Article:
Ameliorate

Word of the day  

endeavour

Definition: v. & n. tr. (foll. by to infin.) try earnestly.
Synonyms: enterprise, endeavor
Etymology: ME f. put oneself in DEVOIR (more...)

Quote of the day  

For disappearing acts, it's hard to beat what happens to the eight hours supposedly left after eight of sleep and eight of work.
by Doug Larson

Birthday of the day  

Isabella I of Castile

Isabella I (Spanish: Isabel I, Ysabel, Galician: Sabela I) (22 April 1451 – 26 November 1504) was Queen of Castile and León. She and her husband Ferdinand II of Aragon brought stability to both kingdoms that became the basis for the unification of Spain. Later the two laid the foundation for the political unification of Spain under their grandson, Charles V, Holy Roman Emperor.

Joke of the day  

A man and his wife were sitting in the living room discussing a 'Living Will'. The man said 'Just so you know, I never want to live in a vegetative state, dependent on some machine and fluids from a bottle. If that ever happens, just pull the plug.' His wife got up, unplugged the TV and threw out all the beer.

Thought of the day  

Most people are about as happy as they make up their minds to be.

Fact of the day  

238 – Year of the Six Emperors: The Roman Senate outlaws emperor Maximinus Thrax for his bloodthirsty proscriptions in Rome and nominates two of its members, Pupienus and Balbinus, to the throne.
 

Biography of the day  

George Boole

George Boole [bu?l], (November 2, 1815 - December 8, 1864) was a British mathematician and philosopher. As the inventor of Boolean algebra, the basis of all modern computer arithmetic, Boole is regarded in hindsight as one of the founders of the field of computer science, although computers did not exist in his day. Boolean algebra was also used in the development of information retrieval, a major subfield of information science.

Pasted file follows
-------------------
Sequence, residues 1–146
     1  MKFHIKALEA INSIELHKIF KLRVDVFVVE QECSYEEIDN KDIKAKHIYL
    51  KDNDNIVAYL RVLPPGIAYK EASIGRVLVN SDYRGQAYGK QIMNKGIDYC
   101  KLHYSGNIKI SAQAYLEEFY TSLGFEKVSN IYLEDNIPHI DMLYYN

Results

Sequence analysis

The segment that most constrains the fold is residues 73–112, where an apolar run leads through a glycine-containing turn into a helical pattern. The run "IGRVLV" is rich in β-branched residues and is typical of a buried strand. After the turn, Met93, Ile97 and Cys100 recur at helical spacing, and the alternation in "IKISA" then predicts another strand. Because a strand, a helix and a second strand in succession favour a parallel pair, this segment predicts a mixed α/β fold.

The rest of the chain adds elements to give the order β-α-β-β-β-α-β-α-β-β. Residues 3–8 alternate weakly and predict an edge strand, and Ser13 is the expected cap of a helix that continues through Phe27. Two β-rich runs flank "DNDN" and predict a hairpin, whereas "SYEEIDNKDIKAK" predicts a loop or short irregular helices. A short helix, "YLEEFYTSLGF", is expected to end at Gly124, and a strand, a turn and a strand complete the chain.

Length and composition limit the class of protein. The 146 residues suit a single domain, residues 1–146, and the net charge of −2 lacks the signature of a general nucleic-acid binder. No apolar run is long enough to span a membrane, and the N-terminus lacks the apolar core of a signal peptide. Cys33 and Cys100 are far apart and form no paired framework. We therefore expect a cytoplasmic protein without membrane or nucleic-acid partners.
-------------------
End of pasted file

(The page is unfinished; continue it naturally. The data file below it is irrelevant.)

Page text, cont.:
Article of the day  

two-cent piece

The two-cent piece was produced by the U.S. Mint for circulation from 1864 to 1872 and for collectors in 1873. It was designed by James B. Longacre. The economic turmoil of the American Civil War caused government-issued coins, even the non-silver Indian Head cent, to vanish from circulation, hoarded by the public. One means of filling this gap was private token issues, often made of bronze. The cent at that time was struck of a copper-nickel alloy. The piece was difficult for the Philadelphia Mint to strike, and Mint officials, as well as the annual Assay Commission, recommended the coin's replacement. Despite opposition from those wishing to keep the metal nickel in the coinage, Congress passed the Coinage Act of 1864, authorizing bronze cents and two-cent pieces. Although initially popular in the absence of other federal coinage, the two-cent piece's place in circulation was later usurped by the three-cent piece and the nickel. There were decreasing mintages each year, and it was abolished by the Mint Act of 1873. Large quantities were redeemed by the government and melted. Nevertheless, two-cent pieces remain inexpensive by the standards of 19th-century American coinage.

Did you know

  • that paraplegic handcyclist Edward Maalouf is the only person to have won medals for Lebanon at the Paralympic Games?
  • that the upcoming release Joe Danger: The Movie is a video game that parodies various Hollywood film scenes?
  • that Harold Bell co-created Woodsy Owl (pictured), mascot of the United States Forest Service, on the set of the television series Lassie?
  • that the Journal of Contemporary Religion, covering new religious movements and trends in mainstream religion, was founded in 1985 as Religion Today, with Peter B. Clarke as its founding editor?